Acme Widget Content Co.

Ad Age is running an article on the former chief operating officer at WPP’s Alliance, David Caruso. Caruso has started a new agency, Acme Content Co., dedicated to branded entertainment.

“I felt in a big agency [branded content] still wasn’t being treated with the respect and thought leadership that the other disciplines were,” he said. “It was still sort of a black sheep.”
Part of the value of having an independent shop in branded entertainment, he added, will be helping marketers find ways to evaluate the effectiveness of programs, the timing and complexity of which don’t always lend themselves to assessment by the marketing-mix models favored by more analytical clients.
“I’ve seen so many great ideas that weren’t packaged fully and die, because eventually some tough questions are going to be asked,” he said. “If you can crack the P&Gs and Unilevers of the world, the less analytical clients will come a lot easier.”

The article goes on to say Caruso speaks P&G’s language, and that P&G’s favorite acronym is “FSCIs” (for free-standing coupon inserts). I’m confused by this. First, I’ve always called them FSIs, not FSCIs. The “coupon” is implied. Secondly, what do FSIs have to do with branded content? Not much.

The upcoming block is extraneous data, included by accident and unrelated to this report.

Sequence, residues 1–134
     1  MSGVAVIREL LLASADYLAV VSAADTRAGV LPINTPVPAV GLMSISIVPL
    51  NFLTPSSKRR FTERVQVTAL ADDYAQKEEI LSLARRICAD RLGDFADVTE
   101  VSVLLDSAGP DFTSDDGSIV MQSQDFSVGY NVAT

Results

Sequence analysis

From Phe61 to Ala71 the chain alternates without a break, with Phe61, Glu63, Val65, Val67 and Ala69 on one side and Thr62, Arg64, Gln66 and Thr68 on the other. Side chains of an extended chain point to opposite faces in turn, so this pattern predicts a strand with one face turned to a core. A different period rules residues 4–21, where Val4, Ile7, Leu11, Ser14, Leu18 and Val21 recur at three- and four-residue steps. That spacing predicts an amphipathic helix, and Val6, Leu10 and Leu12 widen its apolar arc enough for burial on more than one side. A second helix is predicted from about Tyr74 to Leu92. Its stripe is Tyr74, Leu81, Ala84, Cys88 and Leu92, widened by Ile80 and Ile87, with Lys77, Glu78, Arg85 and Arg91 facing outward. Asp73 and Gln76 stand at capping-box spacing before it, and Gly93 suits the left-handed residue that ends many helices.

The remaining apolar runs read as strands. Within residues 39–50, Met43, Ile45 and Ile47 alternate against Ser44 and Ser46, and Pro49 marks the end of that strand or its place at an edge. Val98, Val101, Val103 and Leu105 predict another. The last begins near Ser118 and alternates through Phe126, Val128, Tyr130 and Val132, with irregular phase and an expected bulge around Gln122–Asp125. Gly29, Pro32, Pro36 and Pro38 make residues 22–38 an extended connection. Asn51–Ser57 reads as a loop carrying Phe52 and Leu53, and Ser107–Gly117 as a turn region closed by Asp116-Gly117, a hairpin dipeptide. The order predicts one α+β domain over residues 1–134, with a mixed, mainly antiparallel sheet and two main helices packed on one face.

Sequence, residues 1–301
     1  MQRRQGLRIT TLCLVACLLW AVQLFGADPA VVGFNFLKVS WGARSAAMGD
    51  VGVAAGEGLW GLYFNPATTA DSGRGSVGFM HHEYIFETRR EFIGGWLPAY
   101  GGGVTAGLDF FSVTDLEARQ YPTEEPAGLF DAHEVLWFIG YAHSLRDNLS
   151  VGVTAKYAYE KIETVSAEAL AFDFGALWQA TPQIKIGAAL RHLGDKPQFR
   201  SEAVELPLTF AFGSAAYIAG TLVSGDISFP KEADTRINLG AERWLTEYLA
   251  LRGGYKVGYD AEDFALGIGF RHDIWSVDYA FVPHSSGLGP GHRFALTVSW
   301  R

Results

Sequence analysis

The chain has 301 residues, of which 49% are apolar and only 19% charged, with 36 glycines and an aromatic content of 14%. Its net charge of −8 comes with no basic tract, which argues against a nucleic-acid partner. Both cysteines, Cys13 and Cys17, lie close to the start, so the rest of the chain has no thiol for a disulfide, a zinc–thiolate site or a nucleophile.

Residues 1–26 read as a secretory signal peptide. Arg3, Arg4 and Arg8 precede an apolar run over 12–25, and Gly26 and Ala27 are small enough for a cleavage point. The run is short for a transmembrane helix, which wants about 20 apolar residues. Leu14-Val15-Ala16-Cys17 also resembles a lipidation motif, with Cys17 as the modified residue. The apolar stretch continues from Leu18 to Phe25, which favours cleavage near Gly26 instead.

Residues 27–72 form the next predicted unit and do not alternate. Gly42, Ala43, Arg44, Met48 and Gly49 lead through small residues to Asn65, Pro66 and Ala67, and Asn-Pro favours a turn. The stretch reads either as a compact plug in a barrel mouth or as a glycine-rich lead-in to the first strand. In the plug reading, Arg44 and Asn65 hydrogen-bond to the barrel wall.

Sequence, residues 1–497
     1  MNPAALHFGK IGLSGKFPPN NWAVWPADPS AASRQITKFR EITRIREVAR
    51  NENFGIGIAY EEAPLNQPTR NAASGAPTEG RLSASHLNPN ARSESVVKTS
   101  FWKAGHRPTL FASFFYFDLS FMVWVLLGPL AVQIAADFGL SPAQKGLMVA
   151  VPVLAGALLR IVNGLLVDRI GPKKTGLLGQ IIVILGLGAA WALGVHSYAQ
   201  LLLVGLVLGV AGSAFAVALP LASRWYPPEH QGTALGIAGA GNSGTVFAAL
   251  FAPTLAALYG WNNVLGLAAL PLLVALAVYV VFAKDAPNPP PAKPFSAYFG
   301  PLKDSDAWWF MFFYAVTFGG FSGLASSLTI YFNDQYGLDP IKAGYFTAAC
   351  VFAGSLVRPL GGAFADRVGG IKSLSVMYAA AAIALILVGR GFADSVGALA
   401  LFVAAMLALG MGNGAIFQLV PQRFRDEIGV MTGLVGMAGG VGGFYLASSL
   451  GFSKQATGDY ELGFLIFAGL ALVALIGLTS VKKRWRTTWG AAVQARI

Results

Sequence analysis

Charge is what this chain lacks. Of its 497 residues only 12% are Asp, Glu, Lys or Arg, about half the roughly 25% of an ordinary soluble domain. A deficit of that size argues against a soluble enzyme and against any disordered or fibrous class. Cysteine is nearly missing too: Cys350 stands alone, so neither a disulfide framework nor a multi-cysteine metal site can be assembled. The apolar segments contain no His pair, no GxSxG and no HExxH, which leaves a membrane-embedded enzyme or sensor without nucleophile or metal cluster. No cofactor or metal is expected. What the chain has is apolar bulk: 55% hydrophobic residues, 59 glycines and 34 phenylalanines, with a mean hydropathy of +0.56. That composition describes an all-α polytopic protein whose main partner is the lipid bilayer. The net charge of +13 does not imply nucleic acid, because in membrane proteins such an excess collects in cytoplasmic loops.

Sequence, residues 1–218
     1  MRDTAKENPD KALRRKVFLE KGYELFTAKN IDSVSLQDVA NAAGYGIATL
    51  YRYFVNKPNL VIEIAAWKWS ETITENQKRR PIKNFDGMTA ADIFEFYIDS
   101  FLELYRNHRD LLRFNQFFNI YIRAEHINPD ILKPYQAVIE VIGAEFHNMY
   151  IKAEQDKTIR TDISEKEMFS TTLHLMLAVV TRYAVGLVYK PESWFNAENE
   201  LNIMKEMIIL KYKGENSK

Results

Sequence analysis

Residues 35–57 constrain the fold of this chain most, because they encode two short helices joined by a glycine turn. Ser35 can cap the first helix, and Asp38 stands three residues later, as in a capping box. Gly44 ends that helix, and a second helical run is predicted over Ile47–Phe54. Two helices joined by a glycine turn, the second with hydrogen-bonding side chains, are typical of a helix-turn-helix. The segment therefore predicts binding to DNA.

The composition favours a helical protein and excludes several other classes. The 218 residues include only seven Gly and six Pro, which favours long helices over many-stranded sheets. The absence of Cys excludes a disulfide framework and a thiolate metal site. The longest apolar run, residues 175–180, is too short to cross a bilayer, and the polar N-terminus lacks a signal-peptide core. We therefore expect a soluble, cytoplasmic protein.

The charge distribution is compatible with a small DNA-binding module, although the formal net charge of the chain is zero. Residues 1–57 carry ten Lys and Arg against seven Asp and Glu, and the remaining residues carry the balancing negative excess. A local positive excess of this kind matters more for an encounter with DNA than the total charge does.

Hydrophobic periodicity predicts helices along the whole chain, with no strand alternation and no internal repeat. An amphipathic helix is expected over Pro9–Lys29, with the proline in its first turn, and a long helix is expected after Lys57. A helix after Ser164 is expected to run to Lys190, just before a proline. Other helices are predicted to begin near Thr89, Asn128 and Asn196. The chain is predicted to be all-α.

FacebookTwitterGoogle+PinterestLinkedInRedditStumbleUponEmailDiggShare
About David Burn

Native Nebraskan in the Pacific Northwest. Chief Storyteller at Bonehook, a guide service and bait shop for brands. Co-founder and editor of AdPulp. Contributor to The Content Strategist. Doer of the things written about herein.

  • http://multicultclassics.blogspot.com HighJive

    David Caruso has made much more profound statements on CSI:Miami.
    But seriously, P&G has turned its coupon packets into branded content, as the booklets in Sunday papers have covered themes and topics beyond mere coupon savings. At the same time, P&G is notorious for creating their own jargon for what everyone else is doing.